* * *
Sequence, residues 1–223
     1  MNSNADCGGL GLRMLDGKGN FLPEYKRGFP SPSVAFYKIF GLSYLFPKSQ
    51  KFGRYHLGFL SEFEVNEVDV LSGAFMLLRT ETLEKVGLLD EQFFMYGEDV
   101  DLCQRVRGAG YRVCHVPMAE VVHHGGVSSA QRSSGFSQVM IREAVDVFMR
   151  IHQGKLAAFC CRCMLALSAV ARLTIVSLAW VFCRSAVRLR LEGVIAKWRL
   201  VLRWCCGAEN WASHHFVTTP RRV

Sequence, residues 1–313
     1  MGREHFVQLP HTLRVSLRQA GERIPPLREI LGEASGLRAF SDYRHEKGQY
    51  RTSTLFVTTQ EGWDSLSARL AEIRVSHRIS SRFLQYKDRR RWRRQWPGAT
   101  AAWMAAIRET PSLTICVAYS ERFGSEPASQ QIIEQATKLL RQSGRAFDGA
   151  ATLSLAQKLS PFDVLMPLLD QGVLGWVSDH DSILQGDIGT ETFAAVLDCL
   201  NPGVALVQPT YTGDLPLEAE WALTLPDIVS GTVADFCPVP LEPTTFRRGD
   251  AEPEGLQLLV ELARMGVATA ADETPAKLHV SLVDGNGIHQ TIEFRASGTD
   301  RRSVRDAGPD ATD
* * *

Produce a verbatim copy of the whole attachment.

Sequence, residues 1–223
     1  MNSNADCGGL GLRMLDGKGN FLPEYKRGFP SPSVAFYKIF GLSYLFPKSQ
    51  KFGRYHLGFL SEFEVNEVDV LSGAFMLLRT ETLEKVGLLD EQFFMYGEDV
   101  DLCQRVRGAG YRVCHVPMAE VVHHGGVSSA QRSSGFSQVM IREAVDVFMR
   151  IHQGKLAAFC CRCMLALSAV ARLTIVSLAW VFCRSAVRLR LEGVIAKWRL
   201  VLRWCCGAEN WASHHFVTTP RRV

Sequence, residues 1–313
     1  MGREHFVQLP HTLRVSLRQA GERIPPLREI LGEASGLRAF SDYRHEKGQY
    51  RTSTLFVTTQ EGWDSLSARL AEIRVSHRIS SRFLQYKDRR RWRRQWPGAT
   101  AAWMAAIRET PSLTICVAYS ERFGSEPASQ QIIEQATKLL RQSGRAFDGA
   151  ATLSLAQKLS PFDVLMPLLD QGVLGWVSDH DSILQGDIGT ETFAAVLDCL
   201  NPGVALVQPT YTGDLPLEAE WALTLPDIVS GTVADFCPVP LEPTTFRRGD
   251  AEPEGLQLLV ELARMGVATA ADETPAKLHV SLVDGNGIHQ TIEFRASGTD
   301  RRSVRDAGPD ATD